Its been awhile since I’ve written about sustainable fashion, but it’s something I read about often and try to implement into my daily life.
To me, sustainable fashion is not just about supporting brands who have commendable sustainability policies such as trying to ethically source materials and produce them in factories with high standards and a liveable wage to its workers.
Sustainable fashion is also remembering that you don’t always need to buy everything new. You can easily fix/upgrade things you already have instead of throwing them out by default. (A good tailor is a great friend.) Mostly anything these days, usually at a high quality, is also available second-hand. I am not even talking about just clothes, but also furniture, baby items, electronics, etc.
I came across this important and timely article published last month in the Financial Times, which is a dear favorite newspaper for me, as I used to work for them right before I left New York to Jerusalem (from 2008-2010) and was even once published! (Still excited about it ten years later😉)
The article I want to talk about here is called “The Future of Fashion is Old Clothes” by Lauren Indvik.
(*If the link isn’t working for you and it asks you to become a subscriber to the FT, you can just copy and paste the title of the article into Google and it should come up first. It then somehow lets you into the article that way.)
The article goes into detail about how upcycling is not only creeping its way into designer and high-end fashion, but is becoming very desirable.
“Once a novelty associated with fashion students and cash-poor teenagers with charity shop habits and home sewing machines, repurposed garments and materials have become almost ubiquitous in luxury collections over the past year. “
I found this article after wanting to know more about Gabriela Hearst. I came across an interesting talk with her that the Met hosted on Facebook last month (link at the bottom of the post), which discussed Gabriela’s first collection at Chloé, after becoming the new Creative Director back in December 2020. Gabriela also has her own line of luxury womenswear and always has been committed to a circular economy and regularly using deadstock. (Deadstock is a word for a brand’s leftover fabrics. They are mostly from overestimating their needs, but they can also be the leftovers from pattern cutting. These fabrics usually end up in a landfill. )
Gabriela mentions in the talk that one of the main reasons she wanted her current job at Chloé is to shake up the market. To show that a large and iconic French brand in the luxury space can be fully committed to sustainability policies.
Her first collection for Chloé was extremely successful.
What did she do? Upcycle.
“For her debut Chloé show this month, the designer Gabriela Hearst acquired 50 second-hand versions of the brand’s once-popular Edith bag from eBay and, using scraps of yarn, leather and wool left over from previous Chloé collections, reworked them by hand into refreshingly original, one-of-a-kind creations. With prices at €2,500 to €3,100 per bag, the customer response was wild, Hearst says in an interview back home in New York 10 days later. Whereas well-heeled buyers might once have turned up their noses at the idea of carrying someone else’s old handbag, today some of the most in-demand items at luxury houses are unique items crafted from worn or leftover materials.”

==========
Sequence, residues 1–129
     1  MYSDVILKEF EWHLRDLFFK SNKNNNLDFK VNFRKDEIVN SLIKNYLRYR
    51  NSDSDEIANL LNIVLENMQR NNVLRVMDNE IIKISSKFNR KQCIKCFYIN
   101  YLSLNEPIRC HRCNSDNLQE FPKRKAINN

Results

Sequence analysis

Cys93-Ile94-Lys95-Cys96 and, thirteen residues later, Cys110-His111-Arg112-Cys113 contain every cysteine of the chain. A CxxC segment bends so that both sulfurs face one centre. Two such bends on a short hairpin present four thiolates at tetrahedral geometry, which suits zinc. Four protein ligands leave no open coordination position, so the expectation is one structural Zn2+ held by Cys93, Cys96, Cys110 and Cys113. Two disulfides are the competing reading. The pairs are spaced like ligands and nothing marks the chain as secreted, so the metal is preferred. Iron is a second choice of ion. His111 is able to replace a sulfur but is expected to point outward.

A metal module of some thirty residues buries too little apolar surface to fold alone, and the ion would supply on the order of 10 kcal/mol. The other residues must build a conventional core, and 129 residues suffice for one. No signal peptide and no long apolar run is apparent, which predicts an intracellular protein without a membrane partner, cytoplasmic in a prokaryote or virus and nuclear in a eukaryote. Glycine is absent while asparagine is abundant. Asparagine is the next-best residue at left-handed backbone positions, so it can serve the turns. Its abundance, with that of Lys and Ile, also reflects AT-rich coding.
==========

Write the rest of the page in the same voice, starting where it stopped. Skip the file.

“This is the first time I can remember in my life that upcycling is actually a desirable trend,” says Caroline Brown, a former chief executive of Donna Karan and DKNY who is now managing director of sustainability-focused investment group Closed Loop Partners. “There are now consumers choosing to buy second-hand over new.”
“The Edith bags were not a one-off for Hearst, who has been using recycled and deadstock fabrics and reworking last season’s unsold stock into her namesake collections for years. She has pledged to make 80 per cent of her products from non-virgin materials by the end of next year. “It’s really exciting that this is now exciting,” she says. “From my very first show in 2017 we used upcycled materials, and it was controversial. It was not a thing that was considered luxury.”
I have always had a secret love for upcycling and second-hand. You can find on this blog many references to this passion, such as the first-ever list in English of second-hand stores in Jerusalem and a more in-depth look of an organization called Fashion Revolution who does amazing work on trying to change the direction of the fashion industry by committing to the policies of “reuse, rewear, recycle”.
It is not only important to be able to reuse and limit waste, but at the same time you can find pieces with history and meaning and much better quality fabrics at second-hand stores. Upcycling can also be fun and creative. I have basic sewing skills, so sometimes I manage to do simple upcycling projects which are really fun , but for something more complicated I have a tailor help me repurpose a garment. I have found very high quality second-hand pieces around Jerusalem, and with a bit of alterations the end result is usually cheaper and more beautiful then something I would buy new.
We also love finding old furniture around the city and upcycling them for various uses. (Usually my husband helps me out with these projects.) For example, last week we found a 70s retro, pink chair in our neighborhood waiting for a new home. It only needed a small upgrade and is already back in use.
I am very inspired by this article and looking forward to continue following not only Gabriela Hearst, but other brands and designers who are committed and proud to upcycling and using deadstock for various uses. This is definitely the future of fashion.
Below is the conversation with Gabriela Hearst and Alina Cho, on behalf of the Met. Definitely a recommended watch!
Do you also love upcycling? Would love to hear your thoughts!